Laboratory testing program for SERDP project

SERDP project laboratory testing of gravity cores, box cores, and vibracore samples from the York
River is underway. Currently, consolidation tests are being done on the clay samples to
determine consolidation properties and estimate permeability. Testing of sand samples to obtain
strength parameters are being carried out using vacuum triaxial (for testing under low confining
stresses) and direct shear (for testing under high confining stresses). The next couple of weeks
will involve deducing relationships from the analyzed laboratory data to portable free fall
penetrometer data.
by Dennis Kiptoo (PhD student)

New paper published by Cagdas Bilici

Congratz Cagdas!

Progress on large penetrometer calibration chamber

Our research group operates amongst other locations at the Price’s Fork Geotechnical Laboratory, an off-campus lab that previously housed a CPT calibration chamber, laboratory retaining wall, and the remnants of the many experiments that were performed there. In 2013-2014 the nation’s largest CPT calibration chamber was moved from Vicksburg, MS to our Price’s Fork Lab in pieces, and has been slowly being rebuilt. The chamber has recently undergone some work to get it back up and running, including a new and advanced pressure control unit. Also, the pump system has been fixed so that the actuator can move, the bottom plate has been bolted down, and two of the steel rings that make up the chamber have been bolted onto the foundation. The setup will remain this way for the next few months as the rings will be used for circular flume experiments to determine critical erosion parameters. Additionally, we will be reorganizing the lab the make more space for the upcoming Kentland Farms expe…

field experiment in CEE 5974 in collaboration with VDOT

The year could not end without a last field survey, part of the field research experience in CEE5874 - Coastal and Marine Geotechnics course taught by Dr. Stark. Not deterred by the prospect of a downpour, the research team took the challenge to undertake a preliminary study of scour on the bridge piers of the VA 114 bridge crossing the New River on November 26, 2018 supported by the Virginia Department of Transportation (VDOT). As usual, the class got the opportunity to play with the best toys (Portable Free Fall Penetrometer, Chirp Sonar, Side Scan, ADCP) that were used to collect sediment information around the bridge piers of the uppermost river bed layering, river flow data, and riverbed images. The results obtained after the four hour survey were promising. The portable free fall penetrometer proved suitable to map spatial variations in sediment strength and type, the chirp sonar displayed riverbed elevation change and soil strata, the side scan sonar displayed items like cobb…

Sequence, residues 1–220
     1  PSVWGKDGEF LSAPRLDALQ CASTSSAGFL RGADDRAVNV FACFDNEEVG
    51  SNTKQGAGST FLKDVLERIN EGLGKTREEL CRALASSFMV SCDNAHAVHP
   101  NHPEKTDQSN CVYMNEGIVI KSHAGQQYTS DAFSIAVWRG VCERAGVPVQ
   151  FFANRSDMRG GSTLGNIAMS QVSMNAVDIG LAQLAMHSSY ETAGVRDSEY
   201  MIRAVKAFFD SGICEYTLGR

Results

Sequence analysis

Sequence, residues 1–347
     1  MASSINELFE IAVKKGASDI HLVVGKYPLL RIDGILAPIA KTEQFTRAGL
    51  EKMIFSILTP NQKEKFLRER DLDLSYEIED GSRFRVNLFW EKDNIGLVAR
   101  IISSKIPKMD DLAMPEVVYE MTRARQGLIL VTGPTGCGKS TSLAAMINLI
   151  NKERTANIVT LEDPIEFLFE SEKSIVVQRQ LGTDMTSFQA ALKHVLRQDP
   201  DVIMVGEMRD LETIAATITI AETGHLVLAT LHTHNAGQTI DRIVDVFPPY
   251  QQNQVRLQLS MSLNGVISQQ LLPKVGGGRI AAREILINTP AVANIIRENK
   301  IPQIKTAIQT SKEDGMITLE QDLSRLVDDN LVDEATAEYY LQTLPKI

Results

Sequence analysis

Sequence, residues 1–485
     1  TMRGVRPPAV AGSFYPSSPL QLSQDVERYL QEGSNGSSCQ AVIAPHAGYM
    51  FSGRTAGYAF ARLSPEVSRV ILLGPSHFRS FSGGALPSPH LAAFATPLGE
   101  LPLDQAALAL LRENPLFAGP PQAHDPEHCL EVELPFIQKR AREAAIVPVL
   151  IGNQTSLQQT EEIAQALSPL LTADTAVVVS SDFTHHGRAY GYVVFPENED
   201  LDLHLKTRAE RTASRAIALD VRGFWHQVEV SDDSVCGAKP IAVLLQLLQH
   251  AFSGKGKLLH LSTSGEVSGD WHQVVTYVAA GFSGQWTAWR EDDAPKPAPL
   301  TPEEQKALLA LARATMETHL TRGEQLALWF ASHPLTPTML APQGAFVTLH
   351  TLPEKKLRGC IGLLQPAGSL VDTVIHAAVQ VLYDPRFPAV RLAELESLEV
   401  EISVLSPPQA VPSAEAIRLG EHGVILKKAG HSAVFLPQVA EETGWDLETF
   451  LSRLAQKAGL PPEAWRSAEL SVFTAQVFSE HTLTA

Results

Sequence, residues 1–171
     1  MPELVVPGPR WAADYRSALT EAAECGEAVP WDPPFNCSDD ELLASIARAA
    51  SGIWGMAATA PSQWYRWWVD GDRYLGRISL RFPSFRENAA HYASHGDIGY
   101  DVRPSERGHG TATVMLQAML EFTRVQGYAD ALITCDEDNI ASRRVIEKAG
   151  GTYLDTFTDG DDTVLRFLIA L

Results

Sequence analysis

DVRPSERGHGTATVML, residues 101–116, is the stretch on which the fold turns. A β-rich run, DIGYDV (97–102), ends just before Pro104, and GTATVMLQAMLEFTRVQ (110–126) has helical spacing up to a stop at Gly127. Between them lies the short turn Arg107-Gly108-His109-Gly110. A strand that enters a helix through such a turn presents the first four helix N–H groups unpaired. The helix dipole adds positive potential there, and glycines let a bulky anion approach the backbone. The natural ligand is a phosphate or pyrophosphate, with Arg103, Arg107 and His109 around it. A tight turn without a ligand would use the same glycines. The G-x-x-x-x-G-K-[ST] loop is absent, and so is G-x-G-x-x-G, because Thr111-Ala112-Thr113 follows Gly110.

Visit to CSTARS

Julie and Nina traveled over thanksgiving break to the University of Miami to visit the Center for Southeastern Tropical Advanced Remote Sensing (CSTARS; There they met with Hans Graber, the director of CSTARS and one of the project collaborators in our projects with ONR. In addition to discussing results from the Duck 2018 and the Yakutat 2018 field experiments, we started planning the upcoming experiment at Kentland Farms in early 2019. Stay tuned for more results. Julie & Nina

Field measurements in Sydney Harbour, Nova Scotia

Dr. Bruce Hatcher (University Chair in Marine Ecosystem Research, Director of the Bras d'Or Institute, Associate Professor of Biology at Cape Breton University (CBU)), Hailey Shchepanik (an intern at CBU), and Samuel Consolvo (a master’s student at Virginia Tech) participated in a three-day marine survey in the NW arm of the Sydney Harbor in Nova Scotia, Canada. The harbor feeds into the North Atlantic Ocean. The purpose of this work was two-fold; firstly to conduct preliminary field research pursuant to Dr. Hatcher’s proposal entitled Measure to Offset the Effects of Benthic Habitat Loss associated with Dredging on Fishery Production in Sydney Harbor, and secondly to further Mr. Consolvo’s research project entitled Geotechnical Investigation of Bivalve-Sediment Interaction with regard to Bivalve Farms as a Self-sustained Scour Mitigation Method.

The field marine survey took place from Monday, November 19, 2018, through Wednesday, November 21, 2018 (3 days). Field instrumentation d…

Reconnaissance in response to Hurricane Michael

Last week Matthew flew to Panama City Beach, Florida to perform reconnaissance on the damage done to Mexico Beach, Cape San Blas, and Port St. Joe caused by Hurricane Michael. Matthew’s primary task was surveying the destruction done to buildings at the three locations mentioned and catalogue them in an online data base via the Fulcrum app. Matthew also collected soil samples from the field and is looking at scour prediction models to compare with the field data. Matthew was fortunate enough to work with a great team that included Andrew Kennedy, Pat Lynett, Jim Kaihatu, Matt Jenssen, Spencer Rogers, Doug Krafft, and Margaret Owensby.

One of the many buildings reduced to the foundation slab.

The remains of the pier at Mexico Beach. Large portions of the pier were found scattered throughout Mexico Beach.

Horseshoe scour formed around a wooden pile.